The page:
associated with suicide that lead to confusion, bias, stereotypes, stigmas, etc., however, there are
two myths specifically that have influenced my understanding of suicide for much of my life.
Primarily, when discussing suicide, our society has a distinct fear that by talking about
suicide people are more likely to commit suicide. It’s considered taboo. Often this discussion is
met with hushed tones. Reactions to the topic led me to believe that suicide was a “behind closed
doors” conversation. It was as though I couldn’t bring it up for fear of planting the idea in
someone else’s mind or in my own.
This fear carries over into the sectarian notion that suicide is an unforgivable, damning
sin. This myth has been brought about by parallels often drawn between the act of “committing”
or “attempting” suicide with committing or attempting to commit self-murder. Our
understanding has been that suicide is a rejection of God’s path and the blessings of eternal life.
It is a fear that has plagued me personally. This misunderstanding has always been inconsistent
with my image of a loving and forgiving God.
When we are faced with mortal and eternal questions, we must recognize that we do not
know all the answers. There is no perfect solution, but there are ways to move forward. As stated
by Elder Dale G. Renlund in a recent address on suicide, he discusses how coming “together as
families, as churches and communities we can do better than we are doing now.” We will thus be

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able to decrease embarrassment by speaking up and reduce stigmas surrounding suicide by
creating supportive environments of healing. An example I would like to offer is a memorial
vigil held by my community after the death of Aden’s death.
What started as a quiet invitation for parents, students, and staff to join in a prayer around
the building quickly turned into a gathering of more than 2,000 people⏤people with different
backgrounds, beliefs, scars, and strengths. The weak and the strong. The hurt and afflicted.
Those who were healing and those with hands to heal. Each person in my community was doing
better by simply being there. By simply remembering.
Through my community coming together, I have learned that those fears and myths,
which influenced my perception of suicide, were false. So, let me offer my solutions for societal
and spiritual healing in regards to suicide.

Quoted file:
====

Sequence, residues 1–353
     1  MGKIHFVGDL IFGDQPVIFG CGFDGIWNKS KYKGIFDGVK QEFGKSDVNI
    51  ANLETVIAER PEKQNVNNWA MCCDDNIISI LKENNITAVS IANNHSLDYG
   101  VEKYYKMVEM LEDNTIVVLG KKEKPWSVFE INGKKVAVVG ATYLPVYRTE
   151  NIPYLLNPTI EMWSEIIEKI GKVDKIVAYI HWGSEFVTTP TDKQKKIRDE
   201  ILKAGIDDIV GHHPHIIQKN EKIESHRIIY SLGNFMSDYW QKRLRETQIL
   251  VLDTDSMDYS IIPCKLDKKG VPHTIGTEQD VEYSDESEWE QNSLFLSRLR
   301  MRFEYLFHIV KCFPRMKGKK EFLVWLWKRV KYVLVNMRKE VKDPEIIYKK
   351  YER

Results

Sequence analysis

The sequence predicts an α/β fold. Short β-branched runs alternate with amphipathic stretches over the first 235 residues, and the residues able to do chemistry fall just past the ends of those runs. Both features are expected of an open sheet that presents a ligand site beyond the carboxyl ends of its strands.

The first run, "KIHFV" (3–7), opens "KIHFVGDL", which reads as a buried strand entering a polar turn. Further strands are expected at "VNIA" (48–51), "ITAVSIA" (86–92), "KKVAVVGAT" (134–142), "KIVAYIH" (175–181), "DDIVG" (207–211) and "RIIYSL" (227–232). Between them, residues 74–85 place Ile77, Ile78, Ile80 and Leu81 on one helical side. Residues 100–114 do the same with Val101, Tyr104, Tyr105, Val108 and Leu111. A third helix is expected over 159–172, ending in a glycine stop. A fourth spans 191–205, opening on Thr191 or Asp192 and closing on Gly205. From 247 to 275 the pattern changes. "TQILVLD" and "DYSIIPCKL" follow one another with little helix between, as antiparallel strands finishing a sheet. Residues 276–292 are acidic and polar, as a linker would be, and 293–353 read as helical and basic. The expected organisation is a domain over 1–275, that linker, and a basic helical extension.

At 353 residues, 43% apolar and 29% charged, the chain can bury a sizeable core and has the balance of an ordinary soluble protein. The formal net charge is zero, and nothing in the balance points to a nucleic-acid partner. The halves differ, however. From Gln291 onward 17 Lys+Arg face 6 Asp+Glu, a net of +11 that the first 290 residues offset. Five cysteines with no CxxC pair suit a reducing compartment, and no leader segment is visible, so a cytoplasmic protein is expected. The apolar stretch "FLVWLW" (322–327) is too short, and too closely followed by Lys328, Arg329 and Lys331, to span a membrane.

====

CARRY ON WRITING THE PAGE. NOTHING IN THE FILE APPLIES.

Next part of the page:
By talking openly about suicide, we do not run the risk of increasing someone’s chances
of committing suicide, instead, we allow for healing to begin. It is a hard topic to address,
however, teaching difficult subjects, like the inoculation against harmful or deadly diseases,
provides accurate information on misunderstood topics (Ballard 2016). It protects against
diseases such as bias, stereotypes, stigmas, etc. Suicide is one of those topics that is
misunderstood. Psychologists have expressed how even they have to discuss the topic multiple
times before patients realize they are in a safe enough environment to express suicidal thinking
without feeling judged or weak. It is time to open a dialog that will allow individuals who are
suffering to have a safe haven from the storm. In fact, psychologists and ecclesiastical leaders
alike agree that the most effective healing for those struggling with suicidal tendencies is
fostered by a non-judgemental, accepting, and supportive environment.

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For spiritual healing, I offer an explanation from Elder Bruce R. McConkie, in which he

Suicide consists in the voluntary and intentional taking of one’s own life, particularly
where the person involved is accountable and has a sound mind. … Persons subject to
great stresses may lose control of themselves and become mentally clouded to the point
that they are no longer accountable for their acts. Such are not to be condemned for
taking their own lives. It should also be remembered that judgment is the Lord’s; he
knows the thoughts, intents, and abilities of men; and he in his infinite wisdom will make